Up to 7 credits numbered 300 or above from a UW–Madison undergraduate career are allowed to count toward the minimum graduate degree credit requirement; if those 7 credits are numbered 700 or above from a UW–Madison undergraduate career, they are allowed to count toward the minimum graduate coursework requirement. All credits so counted must be over and above the minimum credits that were required by the original undergraduate degree. Coursework earned ten years or more prior to admission to a doctoral degree is not allowed to satisfy requirements.

UW–Madison University Special

With program approval, students are allowed to count no more than 15 credits of coursework numbered 300 or above taken as a UW–Madison special student toward the residence and degree credit requirements; if those 15 credits of coursework taken as a UW–Madison Special student are numbered 700 or above, they are allowed to count toward the minimum graduate coursework requirement. Coursework earned ten or more years prior to admission to a doctoral degree is not allowed to satisfy requirements.

Probation

The Graduate School regularly reviews the record of any student who earned grades of BC, C, D, F, or Incomplete in a graduate course (300 or above), or grade of U in research credits. This review could result in academic probation with a hold on future enrollment or in being suspended from the Graduate School.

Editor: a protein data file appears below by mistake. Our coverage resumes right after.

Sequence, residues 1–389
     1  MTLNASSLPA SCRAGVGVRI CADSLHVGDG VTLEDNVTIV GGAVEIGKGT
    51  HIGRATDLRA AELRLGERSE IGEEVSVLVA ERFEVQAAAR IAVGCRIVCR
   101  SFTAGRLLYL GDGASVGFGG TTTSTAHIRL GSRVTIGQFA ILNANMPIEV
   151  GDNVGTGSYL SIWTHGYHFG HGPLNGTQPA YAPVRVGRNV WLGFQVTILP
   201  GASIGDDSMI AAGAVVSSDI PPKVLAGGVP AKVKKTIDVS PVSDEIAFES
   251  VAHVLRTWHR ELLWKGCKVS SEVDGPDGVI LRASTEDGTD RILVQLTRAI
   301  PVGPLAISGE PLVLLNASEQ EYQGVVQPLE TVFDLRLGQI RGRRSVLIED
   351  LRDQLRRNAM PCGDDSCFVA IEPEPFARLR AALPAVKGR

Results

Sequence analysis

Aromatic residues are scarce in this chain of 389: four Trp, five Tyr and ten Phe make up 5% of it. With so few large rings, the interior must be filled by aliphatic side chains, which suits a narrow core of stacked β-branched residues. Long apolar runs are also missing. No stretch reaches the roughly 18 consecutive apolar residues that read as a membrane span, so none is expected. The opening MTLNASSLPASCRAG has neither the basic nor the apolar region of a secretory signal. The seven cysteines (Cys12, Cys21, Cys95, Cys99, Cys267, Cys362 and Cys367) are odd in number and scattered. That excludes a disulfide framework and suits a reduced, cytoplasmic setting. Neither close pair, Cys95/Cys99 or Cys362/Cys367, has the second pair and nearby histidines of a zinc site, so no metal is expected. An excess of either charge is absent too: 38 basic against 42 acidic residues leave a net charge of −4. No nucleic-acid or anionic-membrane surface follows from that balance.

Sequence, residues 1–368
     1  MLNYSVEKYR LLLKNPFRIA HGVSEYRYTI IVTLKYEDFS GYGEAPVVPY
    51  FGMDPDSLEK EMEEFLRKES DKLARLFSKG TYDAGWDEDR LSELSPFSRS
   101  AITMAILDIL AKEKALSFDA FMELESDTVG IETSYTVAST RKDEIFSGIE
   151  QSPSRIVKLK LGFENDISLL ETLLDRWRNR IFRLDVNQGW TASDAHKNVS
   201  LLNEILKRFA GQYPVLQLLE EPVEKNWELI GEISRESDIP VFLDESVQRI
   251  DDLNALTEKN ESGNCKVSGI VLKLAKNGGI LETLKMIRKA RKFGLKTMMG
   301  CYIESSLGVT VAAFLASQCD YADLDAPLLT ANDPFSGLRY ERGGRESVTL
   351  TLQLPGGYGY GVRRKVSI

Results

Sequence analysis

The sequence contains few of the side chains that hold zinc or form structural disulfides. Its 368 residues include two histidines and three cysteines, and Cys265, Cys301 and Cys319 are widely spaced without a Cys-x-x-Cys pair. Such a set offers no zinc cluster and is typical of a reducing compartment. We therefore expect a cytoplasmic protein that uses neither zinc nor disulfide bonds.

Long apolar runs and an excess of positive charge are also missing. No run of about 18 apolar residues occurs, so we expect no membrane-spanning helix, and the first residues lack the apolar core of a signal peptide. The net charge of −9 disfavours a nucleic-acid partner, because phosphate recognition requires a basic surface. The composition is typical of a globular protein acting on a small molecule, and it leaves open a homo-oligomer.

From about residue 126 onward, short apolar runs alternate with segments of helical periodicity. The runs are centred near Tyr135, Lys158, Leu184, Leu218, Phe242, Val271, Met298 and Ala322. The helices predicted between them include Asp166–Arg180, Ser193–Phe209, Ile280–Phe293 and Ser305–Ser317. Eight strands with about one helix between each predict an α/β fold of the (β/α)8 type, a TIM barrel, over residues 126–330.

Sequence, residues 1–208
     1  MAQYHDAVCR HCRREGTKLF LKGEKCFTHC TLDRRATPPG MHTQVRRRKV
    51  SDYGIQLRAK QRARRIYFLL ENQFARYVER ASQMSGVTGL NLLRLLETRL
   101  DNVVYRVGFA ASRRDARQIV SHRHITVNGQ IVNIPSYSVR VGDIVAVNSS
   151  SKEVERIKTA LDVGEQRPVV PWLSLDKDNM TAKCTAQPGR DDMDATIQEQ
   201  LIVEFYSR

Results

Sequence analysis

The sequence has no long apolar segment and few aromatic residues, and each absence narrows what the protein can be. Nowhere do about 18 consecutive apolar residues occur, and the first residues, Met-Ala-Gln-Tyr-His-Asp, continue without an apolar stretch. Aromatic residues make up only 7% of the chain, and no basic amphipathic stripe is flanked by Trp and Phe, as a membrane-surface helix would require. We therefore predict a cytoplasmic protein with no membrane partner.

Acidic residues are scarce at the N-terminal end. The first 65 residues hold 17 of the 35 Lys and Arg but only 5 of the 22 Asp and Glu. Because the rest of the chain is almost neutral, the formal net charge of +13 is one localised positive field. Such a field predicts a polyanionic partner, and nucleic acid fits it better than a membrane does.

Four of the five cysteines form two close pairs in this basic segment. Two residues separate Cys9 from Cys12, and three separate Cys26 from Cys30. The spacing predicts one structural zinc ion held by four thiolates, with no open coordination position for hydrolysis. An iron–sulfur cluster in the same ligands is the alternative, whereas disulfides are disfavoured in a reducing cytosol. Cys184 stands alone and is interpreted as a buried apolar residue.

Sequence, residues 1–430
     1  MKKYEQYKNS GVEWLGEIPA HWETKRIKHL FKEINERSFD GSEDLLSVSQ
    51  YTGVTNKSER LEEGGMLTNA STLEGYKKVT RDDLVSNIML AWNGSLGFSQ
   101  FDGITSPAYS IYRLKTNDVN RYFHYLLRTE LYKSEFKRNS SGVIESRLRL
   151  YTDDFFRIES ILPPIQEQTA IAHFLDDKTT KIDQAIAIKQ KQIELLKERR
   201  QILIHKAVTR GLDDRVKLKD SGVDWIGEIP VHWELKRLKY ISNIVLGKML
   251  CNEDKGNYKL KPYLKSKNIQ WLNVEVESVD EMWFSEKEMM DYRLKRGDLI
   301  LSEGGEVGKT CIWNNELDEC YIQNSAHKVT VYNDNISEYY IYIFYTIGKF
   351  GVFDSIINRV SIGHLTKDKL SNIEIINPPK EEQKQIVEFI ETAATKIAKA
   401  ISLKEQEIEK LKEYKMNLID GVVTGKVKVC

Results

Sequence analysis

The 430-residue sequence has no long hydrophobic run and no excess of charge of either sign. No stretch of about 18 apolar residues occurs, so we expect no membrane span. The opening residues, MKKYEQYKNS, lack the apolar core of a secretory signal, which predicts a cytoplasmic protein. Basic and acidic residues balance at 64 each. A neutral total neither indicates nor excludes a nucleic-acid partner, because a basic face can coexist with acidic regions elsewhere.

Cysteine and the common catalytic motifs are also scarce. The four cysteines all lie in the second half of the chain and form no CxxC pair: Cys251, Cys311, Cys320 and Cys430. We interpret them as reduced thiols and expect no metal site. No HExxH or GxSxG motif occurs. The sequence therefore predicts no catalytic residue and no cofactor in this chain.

ADVISOR / COMMITTEE

Every graduate student is required to have an advisor. An advisor is a faculty member, or sometimes a committee, from the major department responsible for providing advice regarding graduate studies. An advisor generally serves as the thesis advisor. In many cases, an advisor is assigned to incoming students. Students can be suspended from the Graduate School if they do not have an advisor.

To ensure that students are making satisfactory progress toward a degree, the Graduate School expects them to meet with their advisor on a regular basis.

A committee often accomplishes advising for the students in the early stages of their studies.

CREDITS PER TERM ALLOWED

15 credits

Time Constraints

Doctoral degree students who have been absent for ten or more consecutive years lose all credits that they have earned before their absence. Individual programs may count the coursework students completed prior to their absence for meeting program requirements; that coursework may not count toward Graduate School credit requirements.

A candidate for a doctoral degree who fails to take the final oral examination and deposit the dissertation within five years after passing the preliminary examination may by require to take another preliminary examination and to be admitted to candidacy a second time.

Other

All admitted Ph.D. graduate students receive tuition remission and a stipend, guaranteed for 10 semesters, as long as progress to the degree is made.